My favourite whinge they had was that I was damaging their business because I had somehow manipulated Google.
They also claimed that I was in some sort of conspiracy with Telstra and Optus. Neither of these matters were actually mentioned during the court proceedings.
Unfortunately all they had to do was to produce someone who was prepared to swear in court they hadn't done business with them because of what I had said and the judge would have been required to find in their favour. As the company's employed internal solicitor had committed perjury in a contempt of court action that they engineered against me, I wasn't confident that they wouldn't put a liar on the stand. Even though the judge had referred to them as "shonks like you" he would had to have found in their favour, and even if he only awarded $1 damages I could have been liable for their legal fees which we estimated at a quarter of a million dollars. We settled without a decision being made in either party's favour.
Note that the court dismissed many of their claims and made no costs order. This didn't stop people from claiming that I had been found guilty of defamation (defamation had nothing to do with the case and guilt doesn't apply in civil cases) and bankrupted by costs. You can win and still lose.
Time went by until 2012, when Meryl Dorey of the Australian Vaccination Network applied to the court for an Apprehended Violence Order against me. Her statement to the court was a masterpiece of dog's breakfast. (I almost sad mad woman's breakfast then, but that would not be politically correct.)
She even managed to file a second batch of complaints, in which she expressed her displeasure at the food I eat in pubs.
As she lived 750 km away from me she had absolutely no hope of success but she managed to drag it out through successive adjournments for nine months before the magistrate finally threw her into the street. She extended the torment by appealing that decision until she withdrew the appeal three days before it was to be heard in court.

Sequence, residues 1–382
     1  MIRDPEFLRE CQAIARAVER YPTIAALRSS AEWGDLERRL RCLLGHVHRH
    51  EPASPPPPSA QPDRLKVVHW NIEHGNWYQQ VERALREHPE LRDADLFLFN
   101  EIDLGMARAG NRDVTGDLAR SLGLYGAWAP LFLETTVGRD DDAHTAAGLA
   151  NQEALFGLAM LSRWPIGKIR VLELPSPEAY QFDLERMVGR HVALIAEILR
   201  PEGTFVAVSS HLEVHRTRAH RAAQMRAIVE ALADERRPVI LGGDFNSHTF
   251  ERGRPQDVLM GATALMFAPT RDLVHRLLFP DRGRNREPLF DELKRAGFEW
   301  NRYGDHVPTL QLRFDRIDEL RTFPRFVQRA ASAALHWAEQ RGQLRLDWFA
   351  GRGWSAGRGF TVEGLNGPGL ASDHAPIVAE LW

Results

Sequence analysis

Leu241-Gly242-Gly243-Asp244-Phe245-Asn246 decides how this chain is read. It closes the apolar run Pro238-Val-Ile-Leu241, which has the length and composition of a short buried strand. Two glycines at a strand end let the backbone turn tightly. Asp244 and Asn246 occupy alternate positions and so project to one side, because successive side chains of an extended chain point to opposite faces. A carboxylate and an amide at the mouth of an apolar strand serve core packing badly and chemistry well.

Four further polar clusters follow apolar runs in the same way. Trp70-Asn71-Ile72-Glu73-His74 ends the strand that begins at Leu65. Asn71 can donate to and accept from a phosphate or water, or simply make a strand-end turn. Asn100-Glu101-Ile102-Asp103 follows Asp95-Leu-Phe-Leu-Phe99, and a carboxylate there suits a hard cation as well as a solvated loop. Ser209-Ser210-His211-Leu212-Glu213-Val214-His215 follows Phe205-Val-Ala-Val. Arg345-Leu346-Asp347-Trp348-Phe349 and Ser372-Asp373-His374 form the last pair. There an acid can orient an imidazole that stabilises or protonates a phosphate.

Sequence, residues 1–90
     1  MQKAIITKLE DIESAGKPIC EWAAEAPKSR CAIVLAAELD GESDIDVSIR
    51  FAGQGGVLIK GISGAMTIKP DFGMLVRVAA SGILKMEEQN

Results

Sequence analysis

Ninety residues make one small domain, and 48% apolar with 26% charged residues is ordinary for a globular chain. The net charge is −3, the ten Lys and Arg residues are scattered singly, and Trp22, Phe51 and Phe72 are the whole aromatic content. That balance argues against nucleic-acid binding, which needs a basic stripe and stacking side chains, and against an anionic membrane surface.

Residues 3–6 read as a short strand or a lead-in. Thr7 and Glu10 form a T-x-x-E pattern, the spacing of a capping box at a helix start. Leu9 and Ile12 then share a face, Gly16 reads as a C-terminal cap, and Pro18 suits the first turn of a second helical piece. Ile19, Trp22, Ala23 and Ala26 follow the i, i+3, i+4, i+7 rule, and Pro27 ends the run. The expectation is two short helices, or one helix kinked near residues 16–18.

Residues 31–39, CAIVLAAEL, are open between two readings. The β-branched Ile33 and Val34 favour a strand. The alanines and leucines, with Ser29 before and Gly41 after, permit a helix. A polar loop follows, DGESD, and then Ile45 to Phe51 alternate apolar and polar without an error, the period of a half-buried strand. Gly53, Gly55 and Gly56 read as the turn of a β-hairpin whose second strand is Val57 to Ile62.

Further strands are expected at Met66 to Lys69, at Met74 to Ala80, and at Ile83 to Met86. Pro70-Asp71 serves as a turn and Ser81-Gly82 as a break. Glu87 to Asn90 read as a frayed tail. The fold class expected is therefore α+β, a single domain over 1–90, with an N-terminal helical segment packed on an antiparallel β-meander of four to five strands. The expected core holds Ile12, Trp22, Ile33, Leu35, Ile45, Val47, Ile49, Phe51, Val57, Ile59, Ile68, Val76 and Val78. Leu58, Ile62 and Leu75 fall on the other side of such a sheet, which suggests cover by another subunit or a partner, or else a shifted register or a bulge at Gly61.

You might think I can put this down as two wins and a draw, but even if you win one of these cases or settle to make it go away you still lose. The two cases that actually got to court cost me money and extended disruption to my business and family life. Unless you are a lawyer and are paid to be there, going to court is no fun for anyone.
The message this is of course that you should try not to offend people, but that can be difficult to do if you want to fight fraud, pseudoscience and medical quackery. You just need to be very careful about the targets you pick and what you say.
And keep your lawyer's phone number on speed dial.
But what about the other side? Should you initiate legal action against people who upset, offend or defame you?
My advice is "No" unless you can be guaranteed of a successful result or you can demonstrate to the court's satisfaction that you or your business have suffered actual measurable damage. Of course if you have unlimited money, you should go for it, but most of us aren't in that position. I remember a rather controversial millionaire once telling me that he had asked Kerry Packer about the largest defamation payout in Australia's history and commented that as he had more money than that he felt very safe. I'm not sure that I would bet the family fortune even under those circumstances.
The real danger is what is called the Streisand Effect – that is bringing to the attention of people who know nothing about you the accusations that are being made and the statements that offend or attack you. I've been called all sorts of dreadful names by people, including paedophile, but these attacks have generally been made in places where they can't do me much harm, generally because the audience knows both me and the person making the accusations or the audience (for example members of anti-vaccination mailing lists) already assume I'm evil. In fact I have had a policy for a long time of letting people say whatever they like about me without retaliation from me except words. My main defence against the AVO application for example was that Meryl Dorey had been accusing me of criminal activity for many years and I respected her right to make ridiculous and defamatory statements, because they never really caused me any harm. But I still wanted the right of reply, which she was trying to deny me through the AVO.
The TL;DR version: as far as possible restrict your contact with courts to watching episodes of "Law & Order" or "Crownies". At least they won't cost you any more than a Netflix subscription.